When the battle started on February 8, a steady drizzle turned into pouring rain, but, backed by the heaviest British artillery barrage of the war, British and Canadian troops advanced steadily. They crushed six battalions of the German 84th Infantry Division, suffered almost no casualties from “shorts” (friendly artillery rounds accidentally targeted on one’s own troops), and took 1,115 prisoners for a loss of 349 Canadians and Britons. German dead totaled more than 3,000. Tommies found German telephone lines wrecked and gun positions mangled. Captured German officers told their interrogators that they could not give orders to their men. All the 84th could do was defend disjointed positions and penny-packets until their men died or surrendered. All the concrete works had been destroyed.
As the second day of the great offensive began, the normally ebullient Horrocks battled two difficult enemies: defiant Germans and a fever of 103 degrees, the continuing after-effects of lung wounds suffered in North Africa. Buoyed by the positive results of the first day and determined to maintain the pace of the offensive, Horrocks made what he would later describe in his own memoirs as one of his worst decisions of the war. He would send forward his major reserve force, the 43rd Wessex Division, at noon on February 9.
While the 43rd slogged east on roads rapidly turning to morasses, the battle raged on in forests whose trees had been turned into ghoulish wreckage and in towns reduced to rubble-strewn chaos, all surrounded by brown mud soaked in intense rain.
For the British and Canadian troops at the front, it was a miserable night, punctuated by artillery duels, the endless downpour of rain, the slogging struggle to move through mud, and the stench of death.
On the extreme right, the 51st Highland Division’s specialized armor worked throughout the night. Flail minesweeping tanks cleared a lane through German minefields that enabled an armored bridge to be placed in position. That, in turn, enabled support vehicles to bring the Scots the most important supply item of the day—500 tins of self-heating soup.
The 15th Scottish Division in the center was commanded by six-foot-nine-inch-tall Maj. Gen. Colin “Tiny” Barber. His height gave him an advantage in studying the forward battlefield, unlike his colleague, Maj. Gen. Ivor “Butch” Thomas, who was the size of a jockey.
Barber intended to send his reserve brigade, the 44th Lowland, with Grenadier Guards tank support (including deadly Crocodile flamethrowing tanks), through the front and across the German anti-tank ditches east of Frasselt, and then to assault the main Siegfried Line defenses while the two battered leading brigades took time to refuel, draw ammunition, and eat bully beef.
The 44th’s attack was intended to kick off at 9 PM on the 8th and to take Netterden by 1 AM. Once that was done, the other two brigades would resume attacking toward Cleve starting at dawn, the 43rd Wessex Division behind them.
But now the appalling weather had crushed Horrocks’ and Barber’s hopes. Rising flood water from the Rhine to the north and rain from above left XXX Corps almost immobile. The two leading 15th Scottish brigades had reached their objectives two and a half hours behind schedule.
Even so, the 44th trundled off in Kangaroo armored personnel carriers joined by grenadiers; mobile, small-box girder-bridge layers; and “fascine” tanks that could lay bundles to fill anti-tank ditches. The division had been assigned two routes of advance: the hard-surfaced road from Nijmegen to Cleve for the 227th Brigade, and a narrow track on the right for the 46th Brigade. But because of stiff German resistance, the main road could not be used, and now everything was jammed onto the muddy track—tanks, trucks, Bren carriers, jeeps, halftracks—in the rain and mud.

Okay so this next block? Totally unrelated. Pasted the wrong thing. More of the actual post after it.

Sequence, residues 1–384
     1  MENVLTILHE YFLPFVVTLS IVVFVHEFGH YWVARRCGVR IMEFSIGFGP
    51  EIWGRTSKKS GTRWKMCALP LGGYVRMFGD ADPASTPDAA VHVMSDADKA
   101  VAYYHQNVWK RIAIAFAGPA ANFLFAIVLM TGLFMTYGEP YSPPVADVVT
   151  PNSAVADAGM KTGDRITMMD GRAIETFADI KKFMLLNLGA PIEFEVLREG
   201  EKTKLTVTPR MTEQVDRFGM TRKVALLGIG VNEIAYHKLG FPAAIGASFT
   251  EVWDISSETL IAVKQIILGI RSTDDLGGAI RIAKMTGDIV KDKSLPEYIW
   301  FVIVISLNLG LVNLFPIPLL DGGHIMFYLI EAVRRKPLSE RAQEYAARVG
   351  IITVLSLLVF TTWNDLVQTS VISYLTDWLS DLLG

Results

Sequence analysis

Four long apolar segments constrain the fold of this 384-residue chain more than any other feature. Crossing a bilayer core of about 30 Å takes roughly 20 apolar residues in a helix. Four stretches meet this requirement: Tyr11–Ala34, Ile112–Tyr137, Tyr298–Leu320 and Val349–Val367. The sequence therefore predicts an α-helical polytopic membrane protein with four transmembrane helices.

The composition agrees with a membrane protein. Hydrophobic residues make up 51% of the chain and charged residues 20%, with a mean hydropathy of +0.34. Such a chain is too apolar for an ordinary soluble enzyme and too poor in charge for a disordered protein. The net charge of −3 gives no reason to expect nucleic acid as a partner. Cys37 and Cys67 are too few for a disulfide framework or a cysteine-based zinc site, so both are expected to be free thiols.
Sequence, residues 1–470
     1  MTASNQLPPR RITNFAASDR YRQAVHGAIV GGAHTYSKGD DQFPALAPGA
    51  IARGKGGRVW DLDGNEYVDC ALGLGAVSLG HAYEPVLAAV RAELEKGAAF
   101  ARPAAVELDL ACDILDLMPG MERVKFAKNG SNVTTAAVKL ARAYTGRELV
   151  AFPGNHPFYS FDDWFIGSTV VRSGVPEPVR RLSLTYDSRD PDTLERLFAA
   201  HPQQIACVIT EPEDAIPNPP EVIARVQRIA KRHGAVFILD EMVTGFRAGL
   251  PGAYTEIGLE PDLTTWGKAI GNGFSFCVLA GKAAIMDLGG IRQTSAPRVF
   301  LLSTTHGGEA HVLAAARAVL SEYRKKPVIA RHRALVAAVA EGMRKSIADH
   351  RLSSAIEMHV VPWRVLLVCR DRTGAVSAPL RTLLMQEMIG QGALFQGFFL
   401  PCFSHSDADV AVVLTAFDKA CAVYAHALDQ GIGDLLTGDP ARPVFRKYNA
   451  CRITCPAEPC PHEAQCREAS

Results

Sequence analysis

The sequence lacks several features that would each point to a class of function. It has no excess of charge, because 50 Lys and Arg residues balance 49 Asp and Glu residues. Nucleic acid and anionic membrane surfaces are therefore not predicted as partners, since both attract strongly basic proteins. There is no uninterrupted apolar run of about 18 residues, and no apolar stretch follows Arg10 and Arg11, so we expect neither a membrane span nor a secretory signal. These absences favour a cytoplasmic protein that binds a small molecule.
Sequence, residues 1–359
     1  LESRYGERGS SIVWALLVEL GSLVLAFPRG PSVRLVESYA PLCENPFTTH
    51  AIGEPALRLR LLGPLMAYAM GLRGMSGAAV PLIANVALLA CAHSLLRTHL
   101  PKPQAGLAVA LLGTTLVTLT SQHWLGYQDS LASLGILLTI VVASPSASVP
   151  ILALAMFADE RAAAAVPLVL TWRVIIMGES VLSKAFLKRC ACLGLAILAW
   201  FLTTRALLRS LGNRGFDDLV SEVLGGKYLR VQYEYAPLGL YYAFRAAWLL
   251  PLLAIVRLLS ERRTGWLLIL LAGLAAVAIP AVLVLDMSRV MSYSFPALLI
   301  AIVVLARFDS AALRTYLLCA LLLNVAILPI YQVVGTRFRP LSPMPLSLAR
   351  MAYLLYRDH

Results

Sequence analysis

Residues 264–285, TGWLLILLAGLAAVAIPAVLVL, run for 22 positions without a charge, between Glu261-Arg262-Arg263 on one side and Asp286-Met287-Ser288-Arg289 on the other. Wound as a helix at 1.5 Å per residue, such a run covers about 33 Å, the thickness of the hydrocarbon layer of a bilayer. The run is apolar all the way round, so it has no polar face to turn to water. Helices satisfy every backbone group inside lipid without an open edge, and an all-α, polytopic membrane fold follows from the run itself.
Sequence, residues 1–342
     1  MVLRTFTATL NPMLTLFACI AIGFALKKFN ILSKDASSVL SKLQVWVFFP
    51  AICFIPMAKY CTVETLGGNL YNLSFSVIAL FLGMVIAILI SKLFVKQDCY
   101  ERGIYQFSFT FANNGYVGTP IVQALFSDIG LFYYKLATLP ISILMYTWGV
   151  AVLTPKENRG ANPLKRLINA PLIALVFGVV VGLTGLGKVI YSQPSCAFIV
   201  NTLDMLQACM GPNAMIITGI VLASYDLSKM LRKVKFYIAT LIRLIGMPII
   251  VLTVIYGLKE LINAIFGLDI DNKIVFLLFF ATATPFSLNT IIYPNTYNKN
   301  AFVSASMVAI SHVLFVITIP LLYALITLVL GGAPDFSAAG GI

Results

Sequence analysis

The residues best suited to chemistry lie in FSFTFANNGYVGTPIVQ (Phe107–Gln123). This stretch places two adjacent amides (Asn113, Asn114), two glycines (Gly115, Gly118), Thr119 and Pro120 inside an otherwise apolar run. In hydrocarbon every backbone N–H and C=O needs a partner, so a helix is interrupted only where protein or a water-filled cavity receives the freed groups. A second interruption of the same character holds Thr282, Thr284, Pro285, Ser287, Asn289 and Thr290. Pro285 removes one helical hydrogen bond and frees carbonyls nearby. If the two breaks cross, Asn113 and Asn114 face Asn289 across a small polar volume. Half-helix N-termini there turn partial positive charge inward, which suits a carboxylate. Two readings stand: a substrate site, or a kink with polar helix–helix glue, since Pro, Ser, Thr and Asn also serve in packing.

After seven hours of frustration, C Company of the 6th King’s Own Scottish Borderers (KOSBs), a company of flail tanks, and a collection of Grenadier Guards tanks reached the German anti-tank ditch. At 5 AM, 20 minutes before a murky dawn rose over the battlefield, 44th Brigade launched its attack. Lacking order, a senior Grenadier Guards officer yelled, “Advance!” and everybody did, just moving forward as quickly as they could.
Five flail tanks drove forward in five parallel columns, their whirling drums spinning, which enabled their hooks to slam against the ground, setting off anti-personnel mines, clearing a path for the infantry behind them. But three tanks bogged down in the mud. The two survivors advanced to the German anti-tank ditch. Armored Vehicle Royal Engineers (AVRE) fascine tanks moved in next and bridged the obstacle. The King’s Own Scottish Borderers pushed forward and seized two villages—Schottheide and Konigsheide—taking some badly shaken prisoners. Company C consolidated its position to await the rest of the battalion.
Captain Robert Woollcoombe later recollected: “It was one of the great moments of the campaign. We were the first British unit to breach the main belt of the Siegfried Line. The mist had cleared and the rain was holding off for a while. The sky was dull and overcast. Tactically it was mighty ground…various small hills, or knolls partly wooded stood about, the chief of which, named Hingstberg, was near Nuttenden, which gave its name to the whole sector.”
Once the entire KOSBs formed up, their commander, Lt. Col. Richardson, ordered A and B Companies to head east in their Kangaroos to Wolfsberg, where German troops were reported holding in position. Incredibly, the defenders had had enough. German NCOs led columns of men out to surrender. Medium gun positions were overrun, and a battalion headquarters and 10 officers surrendered to the KOSBs.
But the Germans were not idle. Schlemm saw that this was clearly a major offensive, and the defensive strategy was simple: hold on and counterattack. That would not be easy. The 84th Infantry Division was out of the game. General Johannes von Blaskowitz, commanding Army Group F, agreed to send in the tough but understrength 7th Parachute Division, but it arrived piecemeal. The 6th Parachute Division, in a similar condition, would follow, and then the 47th Panzer Corps under General der Panzertruppen Heinrich Freiherr von Luttwitz, an Olympic equestrian and veteran of two world wars.